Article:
- Özel, F. M. et al., 2014. How to strategically position European SMEs as part of an electric vehicle technology value chain. International Journal of Electric and Hybrid Vehicles 6 (3), pp.227-254. (10.1504/IJEHV.2014.065728)
- Newman, D. et al. 2014. Learning from electric cars as socio-technical mobility experiments: where next?. Transfers 4 (2), pp.23-41. (10.3167/TRANS.2014.040203)
- Grau, I. et al. 2014. Management of electric vehicle battery charging in distribution networks with multi-agent systems. Electric Power Systems Research 110 , pp.172-179. (10.1016/j.epsr.2014.01.014)
- Newman, D. et al. 2014. Urban, sub-urban or rural: where is the best place for electric vehicles?. International Journal of Automotive Technology and Management, 14 (3/4), pp.306-323. (10.1504/IJATM.2014.065295)
- Skarvelis-Kazakos, S. et al., 2013. Implementing agent-based emissions trading for controlling Virtual Power Plant emissions. Electric Power Systems Research 102 , pp.1-7. (10.1016/j.epsr.2013.04.004)
- Xenias, D. and Whitmarsh, L. E. 2013. Dimensions and determinants of expert and public attitudes to sustainable transport policies and technologies. Transportation Research Part A: Policy and Practice 48 , pp.75-85. (10.1016/j.tra.2012.10.007)
- Papadopoulos, P. et al. 2013. Coordination of the charging of electric vehicles using a multi-agent system. IEEE Transactions on Smart Grid 4 (4), pp.1802-1809. (10.1109/TSG.2013.2274391)
- Budde Christensen, T. , Wells, P. E. and Cipcigan, L. M. 2012. Can innovative business models overcome resistance to electric vehicles? Better Place and battery electric cars in Denmark. Energy Policy 48 , pp.498-505. (10.1016/j.enpol.2012.05.054)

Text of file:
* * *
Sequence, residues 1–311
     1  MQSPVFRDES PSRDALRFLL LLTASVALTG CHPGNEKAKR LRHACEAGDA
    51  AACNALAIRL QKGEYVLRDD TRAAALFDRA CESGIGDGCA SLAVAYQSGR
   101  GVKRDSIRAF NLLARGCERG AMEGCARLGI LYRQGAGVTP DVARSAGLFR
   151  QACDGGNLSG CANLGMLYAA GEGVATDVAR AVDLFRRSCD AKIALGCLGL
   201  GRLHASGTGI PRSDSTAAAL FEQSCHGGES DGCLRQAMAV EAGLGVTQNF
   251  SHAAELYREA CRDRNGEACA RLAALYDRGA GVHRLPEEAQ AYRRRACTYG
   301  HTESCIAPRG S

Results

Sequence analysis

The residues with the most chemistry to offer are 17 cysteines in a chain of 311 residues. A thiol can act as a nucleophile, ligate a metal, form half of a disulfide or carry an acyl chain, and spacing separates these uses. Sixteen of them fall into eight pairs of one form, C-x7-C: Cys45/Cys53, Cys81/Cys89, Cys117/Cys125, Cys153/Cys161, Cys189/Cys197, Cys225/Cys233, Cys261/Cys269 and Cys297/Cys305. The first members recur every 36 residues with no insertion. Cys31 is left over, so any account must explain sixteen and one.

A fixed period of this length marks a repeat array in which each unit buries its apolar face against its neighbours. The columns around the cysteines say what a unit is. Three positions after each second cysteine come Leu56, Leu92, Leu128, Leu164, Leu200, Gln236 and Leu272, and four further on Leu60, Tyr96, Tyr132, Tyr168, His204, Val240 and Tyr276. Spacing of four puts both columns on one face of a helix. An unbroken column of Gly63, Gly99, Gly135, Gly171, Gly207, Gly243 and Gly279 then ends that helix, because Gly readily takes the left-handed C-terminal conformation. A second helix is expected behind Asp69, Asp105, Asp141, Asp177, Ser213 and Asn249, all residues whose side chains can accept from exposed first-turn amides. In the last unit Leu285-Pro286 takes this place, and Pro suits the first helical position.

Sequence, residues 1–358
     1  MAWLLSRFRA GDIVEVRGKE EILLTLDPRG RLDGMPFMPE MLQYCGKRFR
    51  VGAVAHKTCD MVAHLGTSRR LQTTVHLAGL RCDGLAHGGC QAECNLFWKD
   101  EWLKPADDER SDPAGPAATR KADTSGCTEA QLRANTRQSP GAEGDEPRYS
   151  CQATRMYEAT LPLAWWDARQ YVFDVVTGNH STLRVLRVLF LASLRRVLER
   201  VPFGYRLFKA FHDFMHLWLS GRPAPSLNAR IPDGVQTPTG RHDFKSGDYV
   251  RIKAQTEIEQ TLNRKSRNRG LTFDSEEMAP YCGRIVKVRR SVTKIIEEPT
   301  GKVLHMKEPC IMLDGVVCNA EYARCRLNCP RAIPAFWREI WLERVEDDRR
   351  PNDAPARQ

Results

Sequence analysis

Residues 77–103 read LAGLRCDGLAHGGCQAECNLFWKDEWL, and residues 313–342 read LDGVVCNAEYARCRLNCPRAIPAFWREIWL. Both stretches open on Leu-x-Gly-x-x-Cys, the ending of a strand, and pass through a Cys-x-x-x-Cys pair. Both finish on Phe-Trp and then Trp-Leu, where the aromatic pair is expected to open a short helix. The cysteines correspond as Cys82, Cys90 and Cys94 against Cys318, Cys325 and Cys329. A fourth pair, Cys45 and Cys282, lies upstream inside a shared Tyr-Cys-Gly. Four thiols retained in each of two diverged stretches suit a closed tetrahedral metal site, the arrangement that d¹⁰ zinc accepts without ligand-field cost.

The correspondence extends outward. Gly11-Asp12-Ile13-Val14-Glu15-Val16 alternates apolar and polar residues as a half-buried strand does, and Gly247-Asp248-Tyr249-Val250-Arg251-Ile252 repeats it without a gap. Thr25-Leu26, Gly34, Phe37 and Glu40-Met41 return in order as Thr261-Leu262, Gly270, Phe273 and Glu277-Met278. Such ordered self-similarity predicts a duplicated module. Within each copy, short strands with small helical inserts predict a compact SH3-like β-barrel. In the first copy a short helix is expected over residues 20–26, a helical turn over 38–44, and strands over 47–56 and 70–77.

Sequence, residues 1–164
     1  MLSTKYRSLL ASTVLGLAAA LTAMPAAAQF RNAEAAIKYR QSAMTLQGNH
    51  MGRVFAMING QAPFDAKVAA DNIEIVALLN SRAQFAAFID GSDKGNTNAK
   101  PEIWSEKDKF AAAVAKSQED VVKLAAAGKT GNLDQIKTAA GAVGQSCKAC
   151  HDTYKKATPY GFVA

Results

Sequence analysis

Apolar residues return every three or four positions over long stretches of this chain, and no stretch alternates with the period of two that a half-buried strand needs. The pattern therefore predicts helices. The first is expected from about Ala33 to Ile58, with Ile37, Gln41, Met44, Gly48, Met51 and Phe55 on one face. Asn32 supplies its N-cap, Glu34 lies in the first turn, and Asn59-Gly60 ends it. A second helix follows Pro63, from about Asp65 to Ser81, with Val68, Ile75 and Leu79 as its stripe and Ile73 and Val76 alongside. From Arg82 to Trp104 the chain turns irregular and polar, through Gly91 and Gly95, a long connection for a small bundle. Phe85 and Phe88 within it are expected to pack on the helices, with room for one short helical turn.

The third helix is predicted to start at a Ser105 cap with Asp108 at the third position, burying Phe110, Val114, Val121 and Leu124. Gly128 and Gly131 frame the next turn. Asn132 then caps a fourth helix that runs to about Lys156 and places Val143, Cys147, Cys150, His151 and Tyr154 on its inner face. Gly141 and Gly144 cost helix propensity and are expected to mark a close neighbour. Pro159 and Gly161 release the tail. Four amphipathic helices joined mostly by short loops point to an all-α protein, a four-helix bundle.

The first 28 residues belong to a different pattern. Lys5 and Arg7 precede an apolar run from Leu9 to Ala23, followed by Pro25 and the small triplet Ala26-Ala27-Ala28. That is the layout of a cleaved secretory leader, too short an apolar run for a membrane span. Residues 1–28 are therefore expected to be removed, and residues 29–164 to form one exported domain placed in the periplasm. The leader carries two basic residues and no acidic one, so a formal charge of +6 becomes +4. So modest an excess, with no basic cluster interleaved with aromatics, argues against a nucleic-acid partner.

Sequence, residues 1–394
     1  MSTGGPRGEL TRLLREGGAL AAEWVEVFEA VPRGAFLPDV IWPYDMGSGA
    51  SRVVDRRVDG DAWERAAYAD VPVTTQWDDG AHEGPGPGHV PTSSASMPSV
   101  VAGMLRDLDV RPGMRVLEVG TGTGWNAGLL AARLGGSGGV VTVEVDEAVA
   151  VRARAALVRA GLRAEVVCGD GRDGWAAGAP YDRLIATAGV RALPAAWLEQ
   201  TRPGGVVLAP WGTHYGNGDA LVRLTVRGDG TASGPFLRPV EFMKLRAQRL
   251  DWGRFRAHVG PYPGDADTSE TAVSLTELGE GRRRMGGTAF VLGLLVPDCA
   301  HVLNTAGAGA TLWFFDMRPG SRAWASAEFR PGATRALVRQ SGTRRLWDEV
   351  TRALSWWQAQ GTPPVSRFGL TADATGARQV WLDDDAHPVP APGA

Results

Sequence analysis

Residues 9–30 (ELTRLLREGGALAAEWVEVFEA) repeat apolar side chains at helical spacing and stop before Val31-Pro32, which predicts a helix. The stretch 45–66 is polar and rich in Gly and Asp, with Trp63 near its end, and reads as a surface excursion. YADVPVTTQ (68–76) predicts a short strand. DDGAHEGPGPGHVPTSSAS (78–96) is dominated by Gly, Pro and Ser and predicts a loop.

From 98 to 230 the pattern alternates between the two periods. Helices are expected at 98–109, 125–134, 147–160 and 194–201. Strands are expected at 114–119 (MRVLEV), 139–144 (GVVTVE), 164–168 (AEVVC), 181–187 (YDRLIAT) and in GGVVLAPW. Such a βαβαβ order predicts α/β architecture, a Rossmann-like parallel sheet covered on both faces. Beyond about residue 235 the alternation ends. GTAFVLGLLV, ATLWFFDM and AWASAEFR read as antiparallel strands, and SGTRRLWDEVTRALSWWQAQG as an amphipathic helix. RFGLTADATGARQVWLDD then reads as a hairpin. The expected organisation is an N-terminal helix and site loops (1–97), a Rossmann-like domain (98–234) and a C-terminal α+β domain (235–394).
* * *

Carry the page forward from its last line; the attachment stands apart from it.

- Papadopoulos, P. et al. 2012. Electric vehicles' impact on British distribution networks. IET Electrical Systems in Transportation 2 (3), pp.91-102. (10.1049/iet-est.2011.0023)
- Papadopoulos, P. et al. 2011. Electricity demand with electric cars in 2030: comparing Great Britain and Spain. Proceedings of the Institution of Mechanical Engineers, Part A: Journal of Power and Energy 225 (5), pp.551-566. (10.1177/0957650911406343)
|Mourshed, Rezgui, Cipcigan, Rana||European Commission (FP7)||Multi-Agent Systems and secured coupling of Telecom and Energy grids for next generation smart grid services (MAS2TERING)||2014-2017||£396,378 and £25,284|
|Cipcigan, Jenkins, Rana, Burnap||EPSRC (with TSB)||Ebbs and flows of energy systems||2014-2017||£345,145|
|Cipcigan||Royal Academy of Engineering (RAEng)||Future balancing services for high level of embedded electricity generation||2015-2016||£30,000|
|Burnap, Rana, Cipcigan||EADS UK||SCADA Cyber Security Lifecycle||2014-2016||£277,660|
|Jenkins, Wu, Cipcigan||EPSRC via Imperial College London||Economics and grid planning for smart electromobility||2013-2016||£325,170|
|Whitmarsh, Xenias, Cipcigan||European Commission||Empowering e-fleets for business and private purposes in cities (Ebridge)||2013-2016||£146,628|
|Davies, Nieuwenhuis, Cipcigan||ERDF INTERREG IVb||ENEVATE2||2014-2015||n/a|
|Cipcigan||National Grid||Energy strategy and policy||2015||£10,000|
|Cipcigan, Rana||Innovate UK||Ebb and flow energy systems||2013||£10,665|
|Cipcigan||Innovate UK||Agent-based controllers for electric vehicles and microgenerators||2012-2013||£4,560|
|Cipcigan||EPSRC||Smart management of electric vehicles||2011-2013||£93,402|
|Whitmarsh, Xenias, Cipcigan||UKERC via University of Westminster||Scenarios for the development of smart grids in the UK||2011-2013||£140,270|
|Davies, Nieuwenhuis, Cipcigan||ERDF INTERREG IVb||European network on electric vehicles and transferring expertise (ENEVATE)||2010-2013||£355,408|
|Cipcigan, Holford, Davies||EPSRC||Pathways Electric Vehicle Value Chain - Bridging the Gaps||2011-2012||£39,164|
|Ekanayake, Jenkins, Cipcigan, Wu||European Commission (FP7)||Mobile Energy Resources in Grids of Electricity (MERGE)||2010-2011||£238,55|
Senior Lecturer - Teaching and Research
- +44 (0)29 2087 0665
Head of Logistics and Operations Management Section, Professor of Business and Sustainability
- +44 (0)29 2087 5717